2017 RFI for Eldercare Community Leaders Now Closed


[This is an archival version of a 2017 RFI for Eldercare Community Leaders that is retained here for historical purposes only. The application period closed on November 24, 2017, and funding for this project has concluded. A final report on the project will be issued in 2020. Wording of this post has been recast in the past tense to make it more clear for present-day readers.]

In 2017, our team at Altarum embarked on a very exciting project, and we were looking to invite a few leadership organizations concerned about improving eldercare within their geographic community to partner with us.  At that time we had some funding from the Gordon and Betty Moore Foundation to work on this exciting possibility.  As of December, 2019, the project is drawing to a close and no further funding is available. The premise of the project was that aggregating existing personal data and analyzing it for the local population could give communities substantial insight into how well their local system is working and then guide them in improvement initiatives.

We were developing methods to bring together information about the needs of disabled elderly people and the supply and quality of services available.  So much of what happens to elders living with disabilities depends upon the services available where they live. If an organization, whether a government entity or a private coalition, sets out to improve the experiences of elders and their families, they will need information about how well their local system works.  We intend to help community leaders with this essential element — building metrics that will enable them to see strengths and shortcomings in the local system, to set priorities for investments and improvements, and to monitor the effects of efforts to improve.

In this funded project, we were looking to build on the current trends that move data from multiple sources into an integrated database, with the sources encompassing all manner of medical, behavioral, and supportive services.  We aimed to make better use of data sources that many communities already have on hand, but which are underutilized as sources of guidance for improving how we care for elders needing support and medical care. Then, the community could analyze the data to identify shortages, oversupply, maldistribution, quality problems, and areas of high performance. Wouldn’t it be transformative to know whether your community’s elders generally have to move to nursing homes because there are very few disability-adapted housing options! Or that three-quarters of those eligible for and needing nutrition assistance are not receiving it.  Perhaps you are concerned about the pressure ulcer rate, or the rate of use of major tranquillizers, and an aggregated data set would enable monitoring of these performance characteristics over time.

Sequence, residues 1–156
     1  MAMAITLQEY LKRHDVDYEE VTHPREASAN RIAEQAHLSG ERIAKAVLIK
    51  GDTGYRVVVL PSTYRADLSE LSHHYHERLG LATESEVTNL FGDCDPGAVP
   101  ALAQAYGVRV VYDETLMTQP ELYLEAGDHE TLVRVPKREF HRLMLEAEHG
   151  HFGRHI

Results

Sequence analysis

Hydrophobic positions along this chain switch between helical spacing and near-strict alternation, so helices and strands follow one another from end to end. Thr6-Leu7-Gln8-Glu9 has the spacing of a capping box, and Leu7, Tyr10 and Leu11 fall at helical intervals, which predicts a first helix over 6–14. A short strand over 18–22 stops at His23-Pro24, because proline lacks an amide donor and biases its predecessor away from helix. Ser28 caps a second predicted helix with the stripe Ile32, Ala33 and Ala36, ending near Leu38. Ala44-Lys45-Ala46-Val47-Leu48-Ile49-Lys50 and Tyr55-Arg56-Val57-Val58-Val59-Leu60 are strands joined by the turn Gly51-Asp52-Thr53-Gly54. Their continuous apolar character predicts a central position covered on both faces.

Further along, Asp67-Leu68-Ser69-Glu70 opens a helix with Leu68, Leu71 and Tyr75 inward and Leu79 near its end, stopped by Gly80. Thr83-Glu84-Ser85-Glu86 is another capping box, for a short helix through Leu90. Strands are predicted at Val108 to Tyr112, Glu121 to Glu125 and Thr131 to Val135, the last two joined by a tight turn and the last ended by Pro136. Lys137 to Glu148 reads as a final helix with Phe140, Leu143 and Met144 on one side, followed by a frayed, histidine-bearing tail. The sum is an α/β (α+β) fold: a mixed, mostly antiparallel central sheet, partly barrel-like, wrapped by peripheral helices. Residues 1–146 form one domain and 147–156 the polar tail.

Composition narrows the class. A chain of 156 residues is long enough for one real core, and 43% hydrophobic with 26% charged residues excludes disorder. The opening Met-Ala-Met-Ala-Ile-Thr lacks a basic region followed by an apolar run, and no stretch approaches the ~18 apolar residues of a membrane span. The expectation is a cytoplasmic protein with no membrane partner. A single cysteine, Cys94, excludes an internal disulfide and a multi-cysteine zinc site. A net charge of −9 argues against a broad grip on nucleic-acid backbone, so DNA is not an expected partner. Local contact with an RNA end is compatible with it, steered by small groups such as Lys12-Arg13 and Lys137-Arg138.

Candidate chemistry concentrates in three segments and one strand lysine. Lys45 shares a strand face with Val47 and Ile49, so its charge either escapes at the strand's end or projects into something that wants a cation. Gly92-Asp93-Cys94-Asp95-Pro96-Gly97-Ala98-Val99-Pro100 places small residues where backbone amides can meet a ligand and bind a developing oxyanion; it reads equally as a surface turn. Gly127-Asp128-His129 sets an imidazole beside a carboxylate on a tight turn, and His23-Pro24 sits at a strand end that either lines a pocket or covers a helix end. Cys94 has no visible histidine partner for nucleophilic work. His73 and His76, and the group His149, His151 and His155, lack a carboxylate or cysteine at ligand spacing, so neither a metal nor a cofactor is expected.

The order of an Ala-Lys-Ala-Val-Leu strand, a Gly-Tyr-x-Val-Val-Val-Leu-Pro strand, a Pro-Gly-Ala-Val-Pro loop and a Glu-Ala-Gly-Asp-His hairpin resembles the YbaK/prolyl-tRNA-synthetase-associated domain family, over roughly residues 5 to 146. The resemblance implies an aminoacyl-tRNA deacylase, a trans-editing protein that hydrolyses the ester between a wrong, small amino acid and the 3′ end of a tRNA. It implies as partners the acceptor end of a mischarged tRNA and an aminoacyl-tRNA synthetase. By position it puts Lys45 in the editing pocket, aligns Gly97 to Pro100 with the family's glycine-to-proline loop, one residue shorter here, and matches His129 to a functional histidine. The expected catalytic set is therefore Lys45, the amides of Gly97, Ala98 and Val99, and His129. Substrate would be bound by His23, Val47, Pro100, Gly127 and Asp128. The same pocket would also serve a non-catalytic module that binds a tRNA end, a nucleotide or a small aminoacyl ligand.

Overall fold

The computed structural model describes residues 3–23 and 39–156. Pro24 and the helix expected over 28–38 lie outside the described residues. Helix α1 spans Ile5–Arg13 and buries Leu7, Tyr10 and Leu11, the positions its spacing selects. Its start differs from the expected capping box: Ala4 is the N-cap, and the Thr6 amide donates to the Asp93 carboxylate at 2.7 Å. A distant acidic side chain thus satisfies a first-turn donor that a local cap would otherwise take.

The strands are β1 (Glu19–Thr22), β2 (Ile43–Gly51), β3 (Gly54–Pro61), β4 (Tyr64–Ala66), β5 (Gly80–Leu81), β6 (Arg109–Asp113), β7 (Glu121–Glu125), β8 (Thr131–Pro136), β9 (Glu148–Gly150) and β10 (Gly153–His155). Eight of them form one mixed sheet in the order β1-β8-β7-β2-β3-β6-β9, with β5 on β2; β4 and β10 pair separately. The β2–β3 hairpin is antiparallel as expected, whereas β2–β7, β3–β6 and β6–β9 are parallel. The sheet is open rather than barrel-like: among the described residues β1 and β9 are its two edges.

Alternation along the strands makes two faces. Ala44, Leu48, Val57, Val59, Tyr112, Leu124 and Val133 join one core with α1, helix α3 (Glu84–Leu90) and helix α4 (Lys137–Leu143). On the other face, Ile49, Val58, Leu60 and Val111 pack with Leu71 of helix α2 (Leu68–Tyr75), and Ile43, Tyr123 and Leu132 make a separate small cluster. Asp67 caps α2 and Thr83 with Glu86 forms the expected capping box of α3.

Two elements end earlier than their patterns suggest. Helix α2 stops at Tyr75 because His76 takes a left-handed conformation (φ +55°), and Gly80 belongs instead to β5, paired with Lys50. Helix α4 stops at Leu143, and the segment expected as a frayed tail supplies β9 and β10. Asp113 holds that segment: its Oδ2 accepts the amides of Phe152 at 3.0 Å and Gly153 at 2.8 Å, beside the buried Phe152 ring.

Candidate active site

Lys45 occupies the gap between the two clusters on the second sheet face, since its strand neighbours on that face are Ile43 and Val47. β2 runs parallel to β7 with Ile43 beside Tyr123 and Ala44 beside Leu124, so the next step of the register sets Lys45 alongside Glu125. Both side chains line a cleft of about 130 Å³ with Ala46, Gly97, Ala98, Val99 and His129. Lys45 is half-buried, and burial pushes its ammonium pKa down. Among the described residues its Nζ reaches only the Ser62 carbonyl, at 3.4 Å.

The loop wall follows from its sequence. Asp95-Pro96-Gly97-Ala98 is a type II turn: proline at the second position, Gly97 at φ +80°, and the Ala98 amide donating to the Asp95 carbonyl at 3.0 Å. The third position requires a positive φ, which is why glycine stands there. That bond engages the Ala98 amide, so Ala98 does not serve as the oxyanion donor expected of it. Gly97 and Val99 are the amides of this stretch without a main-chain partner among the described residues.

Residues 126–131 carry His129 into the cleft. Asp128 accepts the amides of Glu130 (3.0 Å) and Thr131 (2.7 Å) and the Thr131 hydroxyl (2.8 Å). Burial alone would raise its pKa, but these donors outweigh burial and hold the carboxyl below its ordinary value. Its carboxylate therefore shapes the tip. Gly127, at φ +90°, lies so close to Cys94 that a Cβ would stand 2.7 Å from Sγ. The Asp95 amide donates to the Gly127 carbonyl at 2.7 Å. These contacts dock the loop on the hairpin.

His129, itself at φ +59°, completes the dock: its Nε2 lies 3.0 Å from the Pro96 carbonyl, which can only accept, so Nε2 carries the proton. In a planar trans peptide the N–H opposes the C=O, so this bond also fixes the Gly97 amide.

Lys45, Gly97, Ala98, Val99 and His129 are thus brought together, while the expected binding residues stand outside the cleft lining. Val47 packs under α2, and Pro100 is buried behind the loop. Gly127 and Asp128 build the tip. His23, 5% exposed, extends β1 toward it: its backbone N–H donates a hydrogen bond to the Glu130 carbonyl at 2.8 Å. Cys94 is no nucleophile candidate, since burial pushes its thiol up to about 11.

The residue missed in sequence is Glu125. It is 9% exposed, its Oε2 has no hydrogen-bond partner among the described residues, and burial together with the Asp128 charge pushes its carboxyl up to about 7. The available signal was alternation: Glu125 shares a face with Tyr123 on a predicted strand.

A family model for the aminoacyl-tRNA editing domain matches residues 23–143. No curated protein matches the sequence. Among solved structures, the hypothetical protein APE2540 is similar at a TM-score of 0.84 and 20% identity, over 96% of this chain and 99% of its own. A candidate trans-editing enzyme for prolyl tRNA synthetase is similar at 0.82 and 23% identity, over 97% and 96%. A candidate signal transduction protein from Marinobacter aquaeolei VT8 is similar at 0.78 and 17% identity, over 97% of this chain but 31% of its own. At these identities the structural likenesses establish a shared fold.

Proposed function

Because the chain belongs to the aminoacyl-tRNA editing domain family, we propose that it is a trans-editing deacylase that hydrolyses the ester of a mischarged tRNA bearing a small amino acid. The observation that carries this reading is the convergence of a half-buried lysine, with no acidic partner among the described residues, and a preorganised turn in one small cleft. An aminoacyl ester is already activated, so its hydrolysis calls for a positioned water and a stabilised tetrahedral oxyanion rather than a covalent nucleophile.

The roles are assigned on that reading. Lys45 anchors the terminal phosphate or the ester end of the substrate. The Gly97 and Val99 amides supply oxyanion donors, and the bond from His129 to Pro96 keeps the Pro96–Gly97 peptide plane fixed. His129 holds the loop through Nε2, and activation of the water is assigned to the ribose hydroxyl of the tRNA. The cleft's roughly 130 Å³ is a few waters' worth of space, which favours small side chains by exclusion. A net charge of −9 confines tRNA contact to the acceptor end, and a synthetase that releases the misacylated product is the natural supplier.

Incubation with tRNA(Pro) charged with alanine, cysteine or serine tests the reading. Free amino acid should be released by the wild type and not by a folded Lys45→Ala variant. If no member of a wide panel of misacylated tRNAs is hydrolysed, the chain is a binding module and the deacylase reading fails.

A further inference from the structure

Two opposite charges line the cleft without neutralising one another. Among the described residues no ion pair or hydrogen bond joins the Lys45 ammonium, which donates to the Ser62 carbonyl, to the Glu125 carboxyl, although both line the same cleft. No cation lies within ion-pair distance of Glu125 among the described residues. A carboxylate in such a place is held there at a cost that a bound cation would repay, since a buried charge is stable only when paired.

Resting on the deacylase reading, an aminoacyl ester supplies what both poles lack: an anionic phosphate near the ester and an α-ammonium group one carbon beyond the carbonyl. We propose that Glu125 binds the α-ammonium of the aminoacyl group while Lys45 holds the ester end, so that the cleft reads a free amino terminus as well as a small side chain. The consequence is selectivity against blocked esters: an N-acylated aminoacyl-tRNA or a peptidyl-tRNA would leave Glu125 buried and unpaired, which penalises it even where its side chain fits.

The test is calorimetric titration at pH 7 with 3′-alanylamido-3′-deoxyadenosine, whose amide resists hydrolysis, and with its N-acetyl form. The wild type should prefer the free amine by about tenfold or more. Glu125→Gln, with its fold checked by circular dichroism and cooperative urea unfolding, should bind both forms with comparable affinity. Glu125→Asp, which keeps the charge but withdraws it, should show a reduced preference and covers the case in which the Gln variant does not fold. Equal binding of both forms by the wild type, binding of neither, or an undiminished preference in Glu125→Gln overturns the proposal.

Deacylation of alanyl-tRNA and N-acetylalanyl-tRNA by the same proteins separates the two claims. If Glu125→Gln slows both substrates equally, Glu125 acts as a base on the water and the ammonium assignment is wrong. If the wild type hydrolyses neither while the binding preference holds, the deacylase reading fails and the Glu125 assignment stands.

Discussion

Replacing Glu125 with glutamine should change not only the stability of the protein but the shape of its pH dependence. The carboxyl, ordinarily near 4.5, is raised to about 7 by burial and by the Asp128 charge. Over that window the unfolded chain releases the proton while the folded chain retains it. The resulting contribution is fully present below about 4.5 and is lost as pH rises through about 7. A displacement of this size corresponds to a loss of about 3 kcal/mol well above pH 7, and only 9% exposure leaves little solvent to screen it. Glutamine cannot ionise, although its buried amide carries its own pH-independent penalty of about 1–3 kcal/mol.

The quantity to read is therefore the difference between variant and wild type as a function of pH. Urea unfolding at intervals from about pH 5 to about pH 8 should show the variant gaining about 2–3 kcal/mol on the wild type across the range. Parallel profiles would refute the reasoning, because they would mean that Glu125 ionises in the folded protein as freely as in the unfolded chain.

We knew of some communities that had been working on this sort of challenge, but we were casting a wider net.  With a groundbreaking initiative like this, we needed to work with teams that already were partway along toward managing eldercare for their community, or something similar.  We would connect these communities with one another and help provide needed expertise.  We also had some funding to help incentivize local demonstration efforts.

As reference material for future endeavors, we keep the original RFI text available here. A complete version of the original announcement is available as a downloadable Word document or a PDF file.

Key points in the Request for Information – Issued October 18, 2017 – Closed as of 2018

1. Name(s) of person or persons submitting the form

2. Contact information for the submitter(s) – email, phone, address

3. Name or description of the community you are recommending? By “community” we mean a geographically-defined catchment area of some sort. Say also how would you would like to define the community geographically – city or county boundaries, ZIP codes, or some other boundary?

4. Roughly how many people live in the community?

5. Contact information for other leaders who are interested – perhaps from health systems, public health, Area Agencies on Aging, or existing coalitions or commissions.

6. Is there any organizational entity that views itself as responsible for the entire community’s elderly (rather than being responsible only for the clients from that community who use their services)?

7. Tell us a little about how elders living with disabilities associated with aging are doing.  What problems are already recognized?

8. Within that community, what organizations are most involved in effort(s) to improve supportive services, medical care, caregivers, or other elements that are key to living well with disabilities in old age?

9. Why do you think this community’s leadership organizations would want to engage in this work? Can you suggest a few metrics that you feel would be helpful in guiding efforts to improve reliability and quality of eldercare in their community?

10. Tell us what you readily know about your health-related information systems. What is the status of digital information and interoperability? Is there a Health Information Exchange? Is there any entity that is already aggregating some data across different types of providers (e.g., Medicaid and other publicly paid social service is being combined with medical care information, or health care utilization is being joined with social services utilization)?

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